Does building a terminal groin mean beach renourishment will no longer be necessary?

No. The beach will still have to be nourished even if a groin is built. In case of Holden Beach renourishment will be necessary every four years, if not more frequently.

Will a groin reduce the need to manage Lockwood Folly Inlet?

No. State law requires an inlet management plan to accompany all terminal groin project proposals. There are currently no terminal groins on shallow water inlets in North Carolina. However, engineers who have studied the concept of this type of project have determined that it will be necessary to manage inlet channel location for a terminal groin to have any chance of working as intended.

Will Lockwood Folly Inlet still need to be dredged?

Yes. As with inlet management, dredging will still be necessary. This is mainly because groins are not meant to stabilize an inlet, but to stabilize beaches adjacent to inlets. This is why the state legislature requires inlet management plans for groin proposals. In fact, this continued need to manage and dredge inlet channels led the Carteret County Beach Commission to decide not to pursue their terminal groin project at Bogue Inlet because it would not be cost-effective alternative to current management strategies.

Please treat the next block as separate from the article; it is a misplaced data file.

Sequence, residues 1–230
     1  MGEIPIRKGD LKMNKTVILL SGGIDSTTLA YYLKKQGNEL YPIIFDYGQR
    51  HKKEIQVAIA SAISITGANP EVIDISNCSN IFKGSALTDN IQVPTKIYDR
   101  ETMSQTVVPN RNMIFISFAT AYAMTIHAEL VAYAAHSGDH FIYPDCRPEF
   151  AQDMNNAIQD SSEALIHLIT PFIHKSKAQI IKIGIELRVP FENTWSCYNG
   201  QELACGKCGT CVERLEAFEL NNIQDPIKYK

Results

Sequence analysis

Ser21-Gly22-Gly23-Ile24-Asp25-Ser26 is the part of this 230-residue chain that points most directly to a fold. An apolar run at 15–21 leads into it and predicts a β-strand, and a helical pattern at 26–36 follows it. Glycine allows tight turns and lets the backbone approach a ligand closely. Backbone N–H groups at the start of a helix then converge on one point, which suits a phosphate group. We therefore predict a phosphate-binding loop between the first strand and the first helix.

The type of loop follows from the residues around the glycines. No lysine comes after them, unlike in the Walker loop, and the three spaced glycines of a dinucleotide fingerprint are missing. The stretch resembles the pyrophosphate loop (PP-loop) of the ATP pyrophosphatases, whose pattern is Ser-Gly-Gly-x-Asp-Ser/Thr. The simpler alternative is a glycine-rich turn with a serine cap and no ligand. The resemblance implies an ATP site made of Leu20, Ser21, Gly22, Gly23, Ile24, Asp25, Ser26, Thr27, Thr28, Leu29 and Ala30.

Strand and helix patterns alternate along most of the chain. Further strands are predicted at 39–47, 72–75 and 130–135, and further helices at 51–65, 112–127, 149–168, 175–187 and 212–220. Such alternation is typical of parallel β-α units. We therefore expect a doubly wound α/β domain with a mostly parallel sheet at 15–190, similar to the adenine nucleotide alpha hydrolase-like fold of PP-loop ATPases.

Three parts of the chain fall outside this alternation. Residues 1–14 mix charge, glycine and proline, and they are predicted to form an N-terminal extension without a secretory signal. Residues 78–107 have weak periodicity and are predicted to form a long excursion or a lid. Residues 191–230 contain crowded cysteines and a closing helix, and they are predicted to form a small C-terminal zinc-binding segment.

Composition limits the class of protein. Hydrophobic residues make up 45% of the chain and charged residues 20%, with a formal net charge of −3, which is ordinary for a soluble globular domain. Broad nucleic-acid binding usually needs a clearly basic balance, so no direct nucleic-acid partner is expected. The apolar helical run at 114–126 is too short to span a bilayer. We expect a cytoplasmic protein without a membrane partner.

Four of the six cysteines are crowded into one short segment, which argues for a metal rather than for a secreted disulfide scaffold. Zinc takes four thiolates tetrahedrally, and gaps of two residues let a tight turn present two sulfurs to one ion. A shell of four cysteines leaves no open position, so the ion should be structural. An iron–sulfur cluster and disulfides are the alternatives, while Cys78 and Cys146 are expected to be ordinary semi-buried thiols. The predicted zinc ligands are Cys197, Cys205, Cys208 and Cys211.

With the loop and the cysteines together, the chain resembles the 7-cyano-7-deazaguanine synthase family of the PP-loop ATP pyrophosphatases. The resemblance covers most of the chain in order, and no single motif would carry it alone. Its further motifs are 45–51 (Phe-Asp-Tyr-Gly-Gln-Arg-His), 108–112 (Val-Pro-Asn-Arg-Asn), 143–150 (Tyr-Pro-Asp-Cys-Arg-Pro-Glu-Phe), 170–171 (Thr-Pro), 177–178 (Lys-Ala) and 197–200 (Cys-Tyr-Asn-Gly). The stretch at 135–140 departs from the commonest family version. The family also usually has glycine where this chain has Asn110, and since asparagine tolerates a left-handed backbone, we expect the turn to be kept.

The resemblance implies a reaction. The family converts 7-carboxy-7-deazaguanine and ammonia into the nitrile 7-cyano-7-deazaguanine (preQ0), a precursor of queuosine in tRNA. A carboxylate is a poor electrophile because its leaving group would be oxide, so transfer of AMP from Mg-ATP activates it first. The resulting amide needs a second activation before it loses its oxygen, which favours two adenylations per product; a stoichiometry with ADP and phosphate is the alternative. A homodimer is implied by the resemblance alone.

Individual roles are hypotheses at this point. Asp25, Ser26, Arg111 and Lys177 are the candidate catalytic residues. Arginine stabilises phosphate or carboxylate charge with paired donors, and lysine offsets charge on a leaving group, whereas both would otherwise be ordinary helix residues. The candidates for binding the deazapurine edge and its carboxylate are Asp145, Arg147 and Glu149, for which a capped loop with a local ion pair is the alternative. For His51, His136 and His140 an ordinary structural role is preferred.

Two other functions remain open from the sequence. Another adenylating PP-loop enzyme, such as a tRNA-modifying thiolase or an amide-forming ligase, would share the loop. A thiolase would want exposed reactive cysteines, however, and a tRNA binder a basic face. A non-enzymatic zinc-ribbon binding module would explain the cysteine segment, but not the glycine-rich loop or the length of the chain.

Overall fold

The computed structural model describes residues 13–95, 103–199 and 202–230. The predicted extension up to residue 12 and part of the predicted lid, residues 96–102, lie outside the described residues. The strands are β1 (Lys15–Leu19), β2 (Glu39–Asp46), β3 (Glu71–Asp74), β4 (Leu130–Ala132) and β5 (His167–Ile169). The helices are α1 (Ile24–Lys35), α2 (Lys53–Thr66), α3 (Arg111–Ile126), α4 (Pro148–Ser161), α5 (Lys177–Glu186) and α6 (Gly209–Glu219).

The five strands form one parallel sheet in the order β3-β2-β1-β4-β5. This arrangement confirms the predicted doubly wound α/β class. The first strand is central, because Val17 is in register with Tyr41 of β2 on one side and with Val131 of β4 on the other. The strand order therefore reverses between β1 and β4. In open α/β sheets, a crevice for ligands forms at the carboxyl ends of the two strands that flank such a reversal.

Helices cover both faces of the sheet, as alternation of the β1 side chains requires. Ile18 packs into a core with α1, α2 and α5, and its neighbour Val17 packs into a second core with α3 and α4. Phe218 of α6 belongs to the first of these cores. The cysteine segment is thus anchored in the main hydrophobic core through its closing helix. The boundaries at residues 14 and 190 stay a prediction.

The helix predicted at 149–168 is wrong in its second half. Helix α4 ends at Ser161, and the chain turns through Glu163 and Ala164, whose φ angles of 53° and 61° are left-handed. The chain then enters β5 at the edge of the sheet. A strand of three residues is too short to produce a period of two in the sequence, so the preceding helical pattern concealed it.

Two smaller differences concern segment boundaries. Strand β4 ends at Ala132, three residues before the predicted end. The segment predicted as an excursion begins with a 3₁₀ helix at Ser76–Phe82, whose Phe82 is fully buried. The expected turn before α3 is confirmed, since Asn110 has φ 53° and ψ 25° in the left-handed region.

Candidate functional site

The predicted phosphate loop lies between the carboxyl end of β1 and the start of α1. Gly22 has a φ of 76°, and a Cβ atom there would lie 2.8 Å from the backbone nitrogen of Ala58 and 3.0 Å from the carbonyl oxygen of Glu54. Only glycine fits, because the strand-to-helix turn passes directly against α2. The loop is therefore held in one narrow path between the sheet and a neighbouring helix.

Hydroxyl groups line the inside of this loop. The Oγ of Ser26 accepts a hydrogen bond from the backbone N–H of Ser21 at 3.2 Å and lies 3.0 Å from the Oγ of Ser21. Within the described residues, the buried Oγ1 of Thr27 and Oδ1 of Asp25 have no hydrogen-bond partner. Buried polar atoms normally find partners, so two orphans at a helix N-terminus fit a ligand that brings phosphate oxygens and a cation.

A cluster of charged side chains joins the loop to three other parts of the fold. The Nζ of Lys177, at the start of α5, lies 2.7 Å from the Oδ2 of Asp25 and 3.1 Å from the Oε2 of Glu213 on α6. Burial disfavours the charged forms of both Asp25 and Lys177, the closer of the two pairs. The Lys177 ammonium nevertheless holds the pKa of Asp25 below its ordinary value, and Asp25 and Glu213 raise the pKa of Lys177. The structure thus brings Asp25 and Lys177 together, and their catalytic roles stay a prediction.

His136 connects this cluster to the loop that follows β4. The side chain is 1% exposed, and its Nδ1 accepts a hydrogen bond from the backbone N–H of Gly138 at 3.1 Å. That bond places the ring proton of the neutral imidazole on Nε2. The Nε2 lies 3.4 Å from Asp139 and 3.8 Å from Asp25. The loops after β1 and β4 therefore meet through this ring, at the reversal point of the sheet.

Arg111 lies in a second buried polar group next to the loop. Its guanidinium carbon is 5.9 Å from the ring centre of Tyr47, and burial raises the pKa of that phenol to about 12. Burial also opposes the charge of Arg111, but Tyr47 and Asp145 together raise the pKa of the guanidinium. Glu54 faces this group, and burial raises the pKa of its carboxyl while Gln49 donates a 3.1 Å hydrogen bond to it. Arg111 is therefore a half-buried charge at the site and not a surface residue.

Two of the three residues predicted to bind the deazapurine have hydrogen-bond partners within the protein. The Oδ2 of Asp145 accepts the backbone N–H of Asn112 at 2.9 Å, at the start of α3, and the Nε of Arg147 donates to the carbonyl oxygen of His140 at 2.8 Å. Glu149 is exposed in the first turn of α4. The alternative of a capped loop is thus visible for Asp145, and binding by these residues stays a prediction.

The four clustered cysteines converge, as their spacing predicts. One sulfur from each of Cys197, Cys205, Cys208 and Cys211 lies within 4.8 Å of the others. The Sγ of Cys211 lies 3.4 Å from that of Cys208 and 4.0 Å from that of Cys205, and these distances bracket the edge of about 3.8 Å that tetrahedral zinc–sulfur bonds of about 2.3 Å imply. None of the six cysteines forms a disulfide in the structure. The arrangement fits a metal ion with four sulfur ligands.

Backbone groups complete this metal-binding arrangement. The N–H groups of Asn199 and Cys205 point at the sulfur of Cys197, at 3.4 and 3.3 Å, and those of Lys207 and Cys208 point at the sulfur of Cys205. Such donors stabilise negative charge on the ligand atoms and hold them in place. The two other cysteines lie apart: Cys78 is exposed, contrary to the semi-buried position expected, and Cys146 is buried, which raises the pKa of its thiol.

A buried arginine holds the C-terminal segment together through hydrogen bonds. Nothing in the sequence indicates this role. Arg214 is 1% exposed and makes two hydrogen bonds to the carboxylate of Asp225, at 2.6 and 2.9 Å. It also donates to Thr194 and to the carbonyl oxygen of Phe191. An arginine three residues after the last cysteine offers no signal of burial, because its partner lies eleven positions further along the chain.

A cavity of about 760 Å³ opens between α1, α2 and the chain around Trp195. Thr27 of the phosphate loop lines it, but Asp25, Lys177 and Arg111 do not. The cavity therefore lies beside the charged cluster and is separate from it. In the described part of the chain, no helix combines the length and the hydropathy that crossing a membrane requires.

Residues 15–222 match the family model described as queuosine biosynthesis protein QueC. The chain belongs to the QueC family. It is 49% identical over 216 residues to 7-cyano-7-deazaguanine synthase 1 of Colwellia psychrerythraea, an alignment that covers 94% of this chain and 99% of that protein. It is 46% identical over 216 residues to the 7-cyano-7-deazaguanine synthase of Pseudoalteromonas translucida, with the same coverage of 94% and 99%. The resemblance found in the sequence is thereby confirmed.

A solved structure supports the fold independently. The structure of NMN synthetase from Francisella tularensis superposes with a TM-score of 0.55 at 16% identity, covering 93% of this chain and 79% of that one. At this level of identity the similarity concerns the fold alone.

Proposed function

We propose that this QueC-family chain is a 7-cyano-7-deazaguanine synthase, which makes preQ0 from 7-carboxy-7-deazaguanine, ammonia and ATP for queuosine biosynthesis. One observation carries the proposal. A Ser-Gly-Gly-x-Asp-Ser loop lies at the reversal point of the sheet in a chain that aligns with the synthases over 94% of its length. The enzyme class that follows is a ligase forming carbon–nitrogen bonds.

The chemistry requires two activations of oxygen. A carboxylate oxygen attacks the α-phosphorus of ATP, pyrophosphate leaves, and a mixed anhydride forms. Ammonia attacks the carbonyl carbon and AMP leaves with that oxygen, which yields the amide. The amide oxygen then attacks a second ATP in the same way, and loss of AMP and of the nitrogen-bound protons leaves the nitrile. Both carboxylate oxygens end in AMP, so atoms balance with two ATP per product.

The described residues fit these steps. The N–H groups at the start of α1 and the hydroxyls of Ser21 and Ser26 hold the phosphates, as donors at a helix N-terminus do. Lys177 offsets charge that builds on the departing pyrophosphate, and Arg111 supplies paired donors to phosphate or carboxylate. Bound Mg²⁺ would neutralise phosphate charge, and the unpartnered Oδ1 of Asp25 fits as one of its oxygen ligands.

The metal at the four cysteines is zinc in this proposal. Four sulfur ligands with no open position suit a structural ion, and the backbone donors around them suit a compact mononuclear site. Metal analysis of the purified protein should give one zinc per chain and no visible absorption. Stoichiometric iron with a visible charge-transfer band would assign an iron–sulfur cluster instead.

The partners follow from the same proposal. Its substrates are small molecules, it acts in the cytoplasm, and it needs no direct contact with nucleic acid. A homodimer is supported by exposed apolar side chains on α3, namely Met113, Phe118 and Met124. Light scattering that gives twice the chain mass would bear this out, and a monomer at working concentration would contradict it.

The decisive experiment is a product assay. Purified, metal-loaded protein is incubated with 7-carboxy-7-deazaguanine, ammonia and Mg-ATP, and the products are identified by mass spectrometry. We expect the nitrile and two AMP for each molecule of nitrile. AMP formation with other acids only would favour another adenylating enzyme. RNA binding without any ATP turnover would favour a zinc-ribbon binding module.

Won’t the public beach disappear if the groin is not built?

Sandy beaches move around and will always be there no matter how the inlet moves in a natural system. If a groin is built this will no longer be the case. The groin will completely wash away the sandy spit when the inlet channel migrates up against it. The loss of this area will also limit public beach and boat access for many families that regularly enjoy this natural area.

What will happen to Holden Beach if a terminal groin is not built?

Holden Beach has remained in a similar position for over 200 years (probably longer, but records don’t go any further back). History has shown that the island has always recovered from occasional periods of erosion. There are softer alternatives than building a groin that will allow for natural processes to continue and for the natural habitat to keep evolving as it always has. There is no need for a groin, so the prudent economic and environmental decision would be to do nothing and address any erosion that might take place with more viable alternatives and with better science than what is provided in the draft EIS.